The areas in which AI can potentially pose risks:
- Discriminatory outcomes and unfair bias;
- Safety laws for products that adopted AI;
- Consumer rights law for those who deal with AI-driven technologies.
UK government’s approach to AI
On 22 September 2021, the government published its ‘National AI strategy’, which sets out a ten-year plan on AI. The body responsible for overseeing the successful implementation of this strategy is the Office for Artificial Intelligence, a unit within the Department for Science, Innovation and Technology (DSIT).
The strategy comprises three aims:
- Investing and planning for the long-term needs of AI to ensure leadership in the industry;
- Transitioning to an AI-enabled economy;
- Establishing national and international governance frameworks for AI to foster innovation and investment.
Current AI regulatory environment in the UK
According to the existing data protection law and the Equality Act 2010, AI is required to process personal data fairly, therefore, mitigating the risks of unfair bias across a range of characteristics.
According to existing product safety laws, all goods that are manufactured and placed on the UK market are safe. The products with adopted AI technologies and safety risks specific to them should be monitored closely.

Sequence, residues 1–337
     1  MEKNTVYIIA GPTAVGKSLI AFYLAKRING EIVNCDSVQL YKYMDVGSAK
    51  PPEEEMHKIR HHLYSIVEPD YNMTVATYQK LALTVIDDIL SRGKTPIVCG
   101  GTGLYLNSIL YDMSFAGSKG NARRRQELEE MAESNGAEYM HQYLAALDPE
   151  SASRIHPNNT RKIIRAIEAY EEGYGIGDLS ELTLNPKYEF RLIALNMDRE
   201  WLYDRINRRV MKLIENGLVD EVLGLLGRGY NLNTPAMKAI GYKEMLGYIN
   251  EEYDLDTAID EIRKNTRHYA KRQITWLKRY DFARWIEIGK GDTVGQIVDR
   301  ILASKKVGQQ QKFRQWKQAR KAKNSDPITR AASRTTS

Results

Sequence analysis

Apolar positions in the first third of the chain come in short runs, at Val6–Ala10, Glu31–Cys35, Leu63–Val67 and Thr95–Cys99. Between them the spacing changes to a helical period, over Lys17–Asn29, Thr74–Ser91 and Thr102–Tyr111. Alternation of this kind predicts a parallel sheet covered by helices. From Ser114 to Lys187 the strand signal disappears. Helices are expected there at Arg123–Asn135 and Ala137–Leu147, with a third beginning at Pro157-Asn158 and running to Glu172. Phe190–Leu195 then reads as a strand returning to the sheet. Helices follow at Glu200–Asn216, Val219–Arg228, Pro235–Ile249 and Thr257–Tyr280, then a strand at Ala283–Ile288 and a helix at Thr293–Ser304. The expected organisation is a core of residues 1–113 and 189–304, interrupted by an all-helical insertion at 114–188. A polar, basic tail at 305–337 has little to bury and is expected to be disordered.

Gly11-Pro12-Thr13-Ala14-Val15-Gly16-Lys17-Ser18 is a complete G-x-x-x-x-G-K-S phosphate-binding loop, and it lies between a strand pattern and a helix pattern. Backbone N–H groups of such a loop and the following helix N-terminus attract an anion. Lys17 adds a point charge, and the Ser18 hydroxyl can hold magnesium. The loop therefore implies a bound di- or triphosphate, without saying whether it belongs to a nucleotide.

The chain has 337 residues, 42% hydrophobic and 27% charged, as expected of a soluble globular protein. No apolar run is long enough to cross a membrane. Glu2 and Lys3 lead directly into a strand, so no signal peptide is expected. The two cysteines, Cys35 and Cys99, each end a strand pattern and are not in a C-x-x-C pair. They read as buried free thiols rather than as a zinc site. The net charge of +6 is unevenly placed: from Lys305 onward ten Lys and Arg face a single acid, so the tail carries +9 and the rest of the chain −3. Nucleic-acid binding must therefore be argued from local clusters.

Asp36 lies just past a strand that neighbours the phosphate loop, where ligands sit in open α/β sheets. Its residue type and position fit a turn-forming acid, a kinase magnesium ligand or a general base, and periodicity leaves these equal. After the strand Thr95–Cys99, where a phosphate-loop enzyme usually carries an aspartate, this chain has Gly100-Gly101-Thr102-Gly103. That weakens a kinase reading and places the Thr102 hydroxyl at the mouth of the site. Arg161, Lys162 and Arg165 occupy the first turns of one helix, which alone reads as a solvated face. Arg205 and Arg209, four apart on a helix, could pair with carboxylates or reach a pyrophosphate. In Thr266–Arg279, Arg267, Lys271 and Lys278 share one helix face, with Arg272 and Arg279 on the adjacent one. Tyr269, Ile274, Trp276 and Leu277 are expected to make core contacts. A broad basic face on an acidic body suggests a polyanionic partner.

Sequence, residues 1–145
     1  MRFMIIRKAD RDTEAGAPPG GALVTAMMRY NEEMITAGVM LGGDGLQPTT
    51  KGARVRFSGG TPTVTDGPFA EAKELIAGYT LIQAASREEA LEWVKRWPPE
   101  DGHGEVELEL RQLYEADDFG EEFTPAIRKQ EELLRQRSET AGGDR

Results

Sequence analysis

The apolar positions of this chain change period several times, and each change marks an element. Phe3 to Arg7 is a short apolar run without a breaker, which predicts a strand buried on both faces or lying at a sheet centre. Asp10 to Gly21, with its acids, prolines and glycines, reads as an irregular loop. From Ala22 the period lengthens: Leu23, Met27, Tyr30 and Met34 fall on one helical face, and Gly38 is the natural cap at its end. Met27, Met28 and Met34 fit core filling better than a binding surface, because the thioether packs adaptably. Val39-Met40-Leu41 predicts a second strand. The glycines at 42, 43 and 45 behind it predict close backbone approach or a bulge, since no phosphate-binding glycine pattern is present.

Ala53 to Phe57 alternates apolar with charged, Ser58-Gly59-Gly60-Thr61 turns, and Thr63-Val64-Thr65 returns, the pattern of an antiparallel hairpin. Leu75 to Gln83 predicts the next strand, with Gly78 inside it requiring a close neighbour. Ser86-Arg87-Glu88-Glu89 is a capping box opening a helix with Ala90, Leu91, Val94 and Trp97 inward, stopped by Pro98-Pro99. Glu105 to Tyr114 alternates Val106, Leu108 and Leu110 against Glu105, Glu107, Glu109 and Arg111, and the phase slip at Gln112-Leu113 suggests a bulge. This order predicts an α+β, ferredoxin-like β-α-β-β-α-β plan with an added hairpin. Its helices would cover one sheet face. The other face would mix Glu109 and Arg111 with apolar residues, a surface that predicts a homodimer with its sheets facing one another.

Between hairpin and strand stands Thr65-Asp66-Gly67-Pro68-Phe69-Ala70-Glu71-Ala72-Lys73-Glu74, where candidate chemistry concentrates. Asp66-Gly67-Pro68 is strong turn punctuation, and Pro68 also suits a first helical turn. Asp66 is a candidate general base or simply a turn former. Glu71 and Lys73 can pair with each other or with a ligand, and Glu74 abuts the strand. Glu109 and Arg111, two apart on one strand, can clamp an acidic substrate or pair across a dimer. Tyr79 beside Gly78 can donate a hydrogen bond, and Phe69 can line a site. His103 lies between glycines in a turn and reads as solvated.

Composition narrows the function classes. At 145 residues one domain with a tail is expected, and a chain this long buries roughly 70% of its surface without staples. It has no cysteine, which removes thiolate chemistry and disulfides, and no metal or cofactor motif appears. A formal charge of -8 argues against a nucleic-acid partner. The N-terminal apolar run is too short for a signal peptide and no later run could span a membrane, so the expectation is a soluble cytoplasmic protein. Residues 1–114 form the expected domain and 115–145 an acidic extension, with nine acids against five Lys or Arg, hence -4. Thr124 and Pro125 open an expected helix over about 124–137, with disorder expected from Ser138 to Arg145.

There is also tort law that addresses harms and liabilities and offers a legal framework to hold individuals or entities accountable for damages they cause. However, at the moment, it is not clear how tort law may be applied to fill any gap in consumer rights law protection in the context of products that have adopted or integrated AI technology.
- Statista – AI United Kingdom
- McKinsey – The State of AI in 2023
- DSIT – Artificial Intelligence Sector Study
- UK Finance
- NHS England
- GOV. UK AI Skills Package
- Statista NLP – United Kingdom
- House of Lords Library AI